Susan Cain, the author of a recent book on introverts, argues that human society is similar to a beehive. Each of us has a specialized role to play. It takes all types. The introvert does the deep analysis, and the extrovert does all the talking and leading.
However, corporations discriminate. Introverts are paid less than extroverts because they’re not considered promotable. As Jack Welch writes, "introverts stagnate in large organizations. They can work hard and deliver to expectations or beyond, but they rarely get their due… Extroverts tend to outshine introverts [because] their outsize personalities earn them chances to make presentations to higher-ups, always a good way to accelerate the career-changing process of getting out of the pile."
In other words, you can always hire an introvert if you need an analyst, or someone to check your ego. Then, when they're no longer needed, you can drive them away by switching to an "open office" plan.
Schools like Harvard Business School are filled with extroverts, with nary an introvert in sight. Extroverts are the future leaders of business, the top 10% who will make 50% of the money, and grab the lion’s share of society’s resources.
“Extroversion is in our DNA,” writes Cain. But not in everyone’s DNA. Half of us (or more) are introverts. Corporations fight over the rare group of extroverts with additional desired traits (intelligence, lack of shyness), by offering exorbitant compensation and stock option packages. (See the book: Leadership is Innate). Sure, there are a few introvert leaders around, but they are the exception.
That's OK, according to Cain, because introverts are not usually money-motivated. But if you replace the words “introvert” and “extrovert” with “women” and “men,” would it still be OK? Is it OK for society to direct resources to one genetic class over another?
Does an introvert choose to be that way of his own free will? It certainly feels like free will to follow your innate interests, desires, and comforts… However, the question should be: can we choose our interests themselves? And the answer is, of course not. Our interests, desires, motivations, passions are what's genetic, part of our design, who we are. (Like an elevator that "chooses" to go up and down of its own free will because that’s the way it’s designed.) An introvert (freely) chooses introverted behavior because that’s the way his brain is wired. If you don’t want something different, it’s the same as not being able to choose it.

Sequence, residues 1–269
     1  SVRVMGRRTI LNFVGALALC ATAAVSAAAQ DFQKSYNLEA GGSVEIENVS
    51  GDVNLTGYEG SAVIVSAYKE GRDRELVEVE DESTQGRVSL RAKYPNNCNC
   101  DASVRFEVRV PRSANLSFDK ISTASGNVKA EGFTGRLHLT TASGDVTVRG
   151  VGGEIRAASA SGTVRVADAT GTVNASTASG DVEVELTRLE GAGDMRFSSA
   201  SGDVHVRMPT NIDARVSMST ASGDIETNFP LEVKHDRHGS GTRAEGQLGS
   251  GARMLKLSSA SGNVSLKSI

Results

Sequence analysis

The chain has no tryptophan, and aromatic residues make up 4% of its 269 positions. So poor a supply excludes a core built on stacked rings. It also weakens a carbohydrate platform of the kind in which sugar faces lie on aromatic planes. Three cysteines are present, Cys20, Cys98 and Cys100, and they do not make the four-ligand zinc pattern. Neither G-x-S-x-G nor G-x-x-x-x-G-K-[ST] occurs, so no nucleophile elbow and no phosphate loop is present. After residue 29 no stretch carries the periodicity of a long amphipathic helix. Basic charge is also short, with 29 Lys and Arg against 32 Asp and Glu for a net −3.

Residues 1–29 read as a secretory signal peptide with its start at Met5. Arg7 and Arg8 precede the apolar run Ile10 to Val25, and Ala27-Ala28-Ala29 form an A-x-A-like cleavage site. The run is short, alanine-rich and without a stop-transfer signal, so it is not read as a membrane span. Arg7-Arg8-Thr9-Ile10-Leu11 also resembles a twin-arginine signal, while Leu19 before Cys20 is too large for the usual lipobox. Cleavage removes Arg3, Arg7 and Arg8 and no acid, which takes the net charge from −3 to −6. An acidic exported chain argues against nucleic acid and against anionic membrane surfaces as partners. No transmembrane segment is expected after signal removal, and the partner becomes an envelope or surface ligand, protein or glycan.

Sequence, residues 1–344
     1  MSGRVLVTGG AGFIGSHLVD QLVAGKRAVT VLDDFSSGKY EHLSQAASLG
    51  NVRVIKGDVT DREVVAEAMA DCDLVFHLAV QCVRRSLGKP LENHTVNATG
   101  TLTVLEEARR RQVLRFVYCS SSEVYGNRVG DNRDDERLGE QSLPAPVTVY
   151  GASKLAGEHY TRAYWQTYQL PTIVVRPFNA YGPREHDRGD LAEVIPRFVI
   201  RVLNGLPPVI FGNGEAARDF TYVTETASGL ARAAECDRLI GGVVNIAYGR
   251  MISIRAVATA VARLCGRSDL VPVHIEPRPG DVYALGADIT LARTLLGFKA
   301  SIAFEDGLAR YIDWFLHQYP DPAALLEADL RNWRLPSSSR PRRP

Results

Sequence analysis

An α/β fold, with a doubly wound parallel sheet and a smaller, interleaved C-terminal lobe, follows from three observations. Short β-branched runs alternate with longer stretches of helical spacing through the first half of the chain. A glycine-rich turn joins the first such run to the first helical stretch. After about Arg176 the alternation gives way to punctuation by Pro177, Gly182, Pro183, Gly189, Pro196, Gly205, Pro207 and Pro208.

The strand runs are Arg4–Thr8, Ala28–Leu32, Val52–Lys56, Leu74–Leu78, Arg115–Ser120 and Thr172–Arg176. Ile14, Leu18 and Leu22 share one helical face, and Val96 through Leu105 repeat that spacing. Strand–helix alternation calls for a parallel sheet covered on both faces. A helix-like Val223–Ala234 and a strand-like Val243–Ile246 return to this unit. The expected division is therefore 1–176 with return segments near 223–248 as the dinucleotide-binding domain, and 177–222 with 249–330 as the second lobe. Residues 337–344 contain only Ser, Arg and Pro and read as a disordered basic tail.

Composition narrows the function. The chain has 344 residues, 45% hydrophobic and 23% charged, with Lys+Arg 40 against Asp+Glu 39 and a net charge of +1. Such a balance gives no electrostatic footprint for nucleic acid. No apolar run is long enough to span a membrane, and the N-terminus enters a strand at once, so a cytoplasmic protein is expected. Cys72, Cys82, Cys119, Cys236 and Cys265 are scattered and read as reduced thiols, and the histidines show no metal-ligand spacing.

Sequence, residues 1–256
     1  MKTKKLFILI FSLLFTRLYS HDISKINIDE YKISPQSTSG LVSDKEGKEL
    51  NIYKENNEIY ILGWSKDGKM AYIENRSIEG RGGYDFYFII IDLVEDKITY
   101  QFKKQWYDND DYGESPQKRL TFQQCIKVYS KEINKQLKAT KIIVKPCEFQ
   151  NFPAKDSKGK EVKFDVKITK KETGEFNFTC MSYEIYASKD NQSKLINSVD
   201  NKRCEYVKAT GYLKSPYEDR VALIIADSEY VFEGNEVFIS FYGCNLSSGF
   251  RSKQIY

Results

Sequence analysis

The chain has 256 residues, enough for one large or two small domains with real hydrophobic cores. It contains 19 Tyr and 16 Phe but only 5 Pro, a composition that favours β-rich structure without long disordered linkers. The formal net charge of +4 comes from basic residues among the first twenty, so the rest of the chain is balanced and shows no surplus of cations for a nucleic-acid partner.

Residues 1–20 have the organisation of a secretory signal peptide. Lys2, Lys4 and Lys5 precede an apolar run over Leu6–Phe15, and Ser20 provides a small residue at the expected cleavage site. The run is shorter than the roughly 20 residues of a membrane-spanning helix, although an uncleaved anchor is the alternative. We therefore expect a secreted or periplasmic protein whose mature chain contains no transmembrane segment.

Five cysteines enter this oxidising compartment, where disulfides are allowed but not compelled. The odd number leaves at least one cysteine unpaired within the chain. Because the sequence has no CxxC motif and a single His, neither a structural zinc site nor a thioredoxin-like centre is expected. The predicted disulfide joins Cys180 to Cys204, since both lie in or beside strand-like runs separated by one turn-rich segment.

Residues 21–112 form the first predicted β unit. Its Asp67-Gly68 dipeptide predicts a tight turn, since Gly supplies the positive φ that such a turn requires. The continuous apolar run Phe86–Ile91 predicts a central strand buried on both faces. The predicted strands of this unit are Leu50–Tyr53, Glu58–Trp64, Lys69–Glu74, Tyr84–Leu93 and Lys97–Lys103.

Cain says people do what they're "expected to". But feeling pressure to live up to social expectations is simply another innate trait. Most people do, but others do not. For example, if you’re born gay and your parents put pressure on you to conform, you will rather endure great difficulty than live up to their expectations. People only do what society expects if it resonates with their inborn nature.
Genes are recipes for the development of the brain. But just because the brain is a complex and dynamic system doesn't mean traits are not innate. Yes, the brain has an internal state (memory) and the ability to vary its outputs based on inputs (context sensitivity) and its internal state (model). There is no contradiction to say that traits may be both situational and innate. We're wired for many eventualities and situations: being in a group, being alone, etc. Yet, given the same situation (e.g. being in a group setting) without an overriding trait or passion (e.g. Bill Gates overcoming his introversion at a software conference), the trait tends to be more fixed.
Evolutionary experience shows that having a distribution of traits, or specialized actors, makes society more robust. A gene is merely a special form of matter that transports past evolutionary experience to the present. But that doesn't make it fair.
Introverts are "born that way". Given this, assuming we don't know ahead of time whether we'd be born an introvert or extrovert, how should we design society to be fair to all genetic parties? Most likely, with a system of redistribution, from the genetic-haves to genetic-have-nots, until such time everyone can choose extrovert genes for their children. However, some elites, like Harvard's Michael Sandel, are fighting to limit that option.